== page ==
THE CIRCUS IS SHUTTING DOWN — Two definitions of “tradition,” as listed in the Merriam-Webster dictionary, describe it as “cultural continuity in social attitudes, customs and institutions,” as well “an inherited, established or customary pattern of thought, action or behavior.”
At 69 years of age, I consider myself a staunch proponent of tradition, at least those customs that can be traced back at least to my impressionable youth and have somehow survived in a constantly evolving society. But perhaps I have not clung to all the old ways as tenaciously as I would like to think. I last attended a circus performance 30 or so years ago, accompanied by the two youngest of my four children, and even that marked the first time for me to take in the so-called “Greatest Show on Earth” in the 25 years that preceded it.
Nonetheless, I couldn’t help but feel a pang of remorse to find out that the Ringling Brothers and Barnum & Bailey Circus will close forever in May, ending a tradition of providing wholesome family fun that goes back 146 years. But they say nothing is forever, and 21st century kids apparently prefer to keep playing video games than to head off to a bigtop tent or arena and watch clowns with bulbous noses, grease-painted faces and oversized shoes scramble out of a tiny car and do silly stuff.
“The competitor in many ways is time,” said Kenneth Feld, chairman and CEO of Feld Entertainment, which bought the circus in 1967. “It’s a different model that we can’t see how it works in today’s world.”
It did occur to me that one difference between Ringling and the ring is four little letters, and that the parallels between the two forms of tradition-encrusted entertainment are numerous and so obvious as to be undeniable. If the lords of boxing do not take care to mind their troubled store and make necessary changes, who’s to say they won’t eventually be obliged to close up shop as the flying trapeze artists, lion tamers and high-wire walkers must soon do?
Circuses have existed in one form or another for centuries, but the inventor of what might be described as the version we know today was an unapologetically shameless huckster and showman named Phineas T. Barnum, who was 80 when he died on April 7, 1891. Although he is erroneously credited with coining the phrase “there’s a sucker born every minute,” Barnum was only too happy to describe himself as the “Prince of Humbugs” whose mind conceived an endless stream of oddities, authentic and not, to separate a willingly gullible public from some of its money. “The people like to be humbugged,” he reasoned.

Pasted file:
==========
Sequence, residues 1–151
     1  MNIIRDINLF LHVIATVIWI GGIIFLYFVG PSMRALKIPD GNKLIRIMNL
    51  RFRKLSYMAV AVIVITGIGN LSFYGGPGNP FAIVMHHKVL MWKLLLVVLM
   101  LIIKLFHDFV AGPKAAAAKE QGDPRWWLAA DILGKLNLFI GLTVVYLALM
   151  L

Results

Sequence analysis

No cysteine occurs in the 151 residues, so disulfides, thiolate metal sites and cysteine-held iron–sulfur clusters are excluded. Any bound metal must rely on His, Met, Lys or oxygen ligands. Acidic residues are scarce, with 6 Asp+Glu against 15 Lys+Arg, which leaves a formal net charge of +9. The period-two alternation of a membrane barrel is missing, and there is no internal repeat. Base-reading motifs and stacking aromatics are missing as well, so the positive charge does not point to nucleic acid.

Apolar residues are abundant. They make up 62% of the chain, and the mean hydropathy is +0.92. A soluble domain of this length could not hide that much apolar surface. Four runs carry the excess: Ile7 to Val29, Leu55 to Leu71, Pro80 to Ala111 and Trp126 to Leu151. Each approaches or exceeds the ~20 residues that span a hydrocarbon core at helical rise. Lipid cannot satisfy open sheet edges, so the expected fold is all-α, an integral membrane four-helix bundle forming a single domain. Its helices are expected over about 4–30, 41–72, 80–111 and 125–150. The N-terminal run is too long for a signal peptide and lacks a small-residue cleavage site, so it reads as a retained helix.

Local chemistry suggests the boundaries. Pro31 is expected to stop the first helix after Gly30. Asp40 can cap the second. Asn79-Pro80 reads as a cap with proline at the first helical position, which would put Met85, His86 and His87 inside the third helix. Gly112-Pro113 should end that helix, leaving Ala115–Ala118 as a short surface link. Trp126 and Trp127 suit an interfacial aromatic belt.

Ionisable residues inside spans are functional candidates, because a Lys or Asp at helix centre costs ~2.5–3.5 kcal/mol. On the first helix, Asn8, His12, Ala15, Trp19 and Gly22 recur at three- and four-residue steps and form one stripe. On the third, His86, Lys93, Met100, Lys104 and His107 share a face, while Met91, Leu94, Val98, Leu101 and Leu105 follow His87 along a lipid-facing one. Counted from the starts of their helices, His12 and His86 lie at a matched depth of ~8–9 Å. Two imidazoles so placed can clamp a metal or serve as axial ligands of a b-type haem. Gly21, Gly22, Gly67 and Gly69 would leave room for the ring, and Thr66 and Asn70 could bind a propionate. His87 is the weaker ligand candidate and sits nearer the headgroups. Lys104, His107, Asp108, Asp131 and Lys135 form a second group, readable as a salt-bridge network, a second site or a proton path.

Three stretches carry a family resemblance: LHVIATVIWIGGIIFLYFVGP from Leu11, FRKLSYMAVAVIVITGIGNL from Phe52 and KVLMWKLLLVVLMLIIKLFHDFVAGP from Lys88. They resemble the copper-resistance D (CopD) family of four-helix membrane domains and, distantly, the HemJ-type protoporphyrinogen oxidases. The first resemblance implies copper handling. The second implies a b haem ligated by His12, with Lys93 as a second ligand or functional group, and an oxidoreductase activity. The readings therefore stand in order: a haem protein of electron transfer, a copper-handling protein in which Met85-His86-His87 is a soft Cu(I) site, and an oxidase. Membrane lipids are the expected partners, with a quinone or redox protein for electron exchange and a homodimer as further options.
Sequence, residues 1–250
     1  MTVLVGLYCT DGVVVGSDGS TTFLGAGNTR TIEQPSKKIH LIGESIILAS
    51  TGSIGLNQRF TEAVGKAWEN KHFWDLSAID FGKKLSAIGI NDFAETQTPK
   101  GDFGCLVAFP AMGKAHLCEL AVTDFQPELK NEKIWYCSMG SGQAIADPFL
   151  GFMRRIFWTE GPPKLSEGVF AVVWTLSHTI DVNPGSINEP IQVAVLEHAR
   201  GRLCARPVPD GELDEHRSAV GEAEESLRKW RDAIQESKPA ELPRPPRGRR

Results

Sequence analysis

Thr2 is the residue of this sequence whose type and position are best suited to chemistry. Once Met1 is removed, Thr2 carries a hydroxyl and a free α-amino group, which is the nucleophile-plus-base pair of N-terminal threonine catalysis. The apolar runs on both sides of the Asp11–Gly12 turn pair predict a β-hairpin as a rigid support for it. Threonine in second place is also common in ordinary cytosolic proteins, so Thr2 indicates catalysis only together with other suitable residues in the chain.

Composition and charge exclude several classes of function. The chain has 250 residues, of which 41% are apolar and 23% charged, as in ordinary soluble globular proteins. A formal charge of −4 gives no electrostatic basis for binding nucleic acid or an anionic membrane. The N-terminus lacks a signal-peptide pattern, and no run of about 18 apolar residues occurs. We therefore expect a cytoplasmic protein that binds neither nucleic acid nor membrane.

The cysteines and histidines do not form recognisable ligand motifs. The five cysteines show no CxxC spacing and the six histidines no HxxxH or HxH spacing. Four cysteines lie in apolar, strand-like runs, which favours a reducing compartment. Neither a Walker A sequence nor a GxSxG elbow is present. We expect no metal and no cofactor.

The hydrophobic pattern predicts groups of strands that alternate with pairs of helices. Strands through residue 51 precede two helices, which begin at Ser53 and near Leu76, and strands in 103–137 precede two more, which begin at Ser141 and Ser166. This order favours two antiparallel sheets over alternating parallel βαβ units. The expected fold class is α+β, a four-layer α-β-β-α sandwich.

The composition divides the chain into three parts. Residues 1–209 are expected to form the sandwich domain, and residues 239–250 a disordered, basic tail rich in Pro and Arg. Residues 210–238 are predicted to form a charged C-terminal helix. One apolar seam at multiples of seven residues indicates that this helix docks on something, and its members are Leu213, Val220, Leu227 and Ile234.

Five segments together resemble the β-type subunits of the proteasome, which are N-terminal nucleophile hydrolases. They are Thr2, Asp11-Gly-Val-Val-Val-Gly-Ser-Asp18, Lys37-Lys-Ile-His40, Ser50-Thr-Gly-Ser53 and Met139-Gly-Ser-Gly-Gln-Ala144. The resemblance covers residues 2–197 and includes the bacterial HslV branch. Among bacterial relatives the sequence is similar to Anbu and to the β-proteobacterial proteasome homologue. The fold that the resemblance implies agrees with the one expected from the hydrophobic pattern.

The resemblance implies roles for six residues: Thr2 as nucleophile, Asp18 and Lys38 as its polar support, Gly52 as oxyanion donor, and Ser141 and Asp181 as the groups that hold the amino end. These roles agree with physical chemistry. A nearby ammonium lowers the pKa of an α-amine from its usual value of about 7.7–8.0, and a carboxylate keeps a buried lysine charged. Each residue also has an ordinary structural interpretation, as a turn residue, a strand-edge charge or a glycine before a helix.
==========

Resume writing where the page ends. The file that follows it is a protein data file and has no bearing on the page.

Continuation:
Among the non-authentic come-ons invented by Barnum was Joyce Heth, a blind slave touted as being the 161-year-old former nurse to toddler George Washington, who enthralled paying customers with her totally fictitious remembrances of “dear little George.” When she died in 1836, an autopsy revealed that Heth was most likely no older than 80.
Some of Barnum’s more notable humbugs included the “Feejee Mermaid,” which was hyped as a creature unlike any ever seen, but was actually the upper half of a stuffed monkey sewn to the bottom of a similarly preserved fish, and “General Tom Thumb,” a child dwarf who was then four years of age but was stated to be 11. A natural mimic, by five the little boy – later presented at court to England’s Queen Victoria — was drinking wine and smoking cigars for audiences’ amusement.
The most obvious boxing equivalent of Barnum is, of course, electric-haired octogenarian Don King, but another master of trickeration with Barnumesque flourishes is King’s contemporary, Bob Arum, by virtue of his propensity for overstatement. (He once predicted that a matchup of Oscar De La Hoya and Dana Rosenblatt would be the biggest attraction in boxing history, and that a Top Rank fighter, super welterweight prospect Anthony Thompson, who was 11-0 with eight KOs at the time, “has the chance to become the best fighter ever to come out of Philadelphia.”)
Where Barnum trotted out General Tom Thumb, Arum helped fill out the undercards of De La Hoya-headlined fight cards in the mid- to late 1990s with novelty acts Eric “Butterbean” Esch and Latina lovely Mia St. John, who in tandem became known as “Beauty and The Bean.” Esch was a bald, obese former Toughman contestant (the erstwhile “King of the Four-Rounders” weighed 426½ pounds for his final pro bout) while St. John was a smokin’ hot babe featured in the pages of Playboy. “I know how they were marketing me,” St. John once said. “I don’t blame them. I was what you’d call a willing victim.”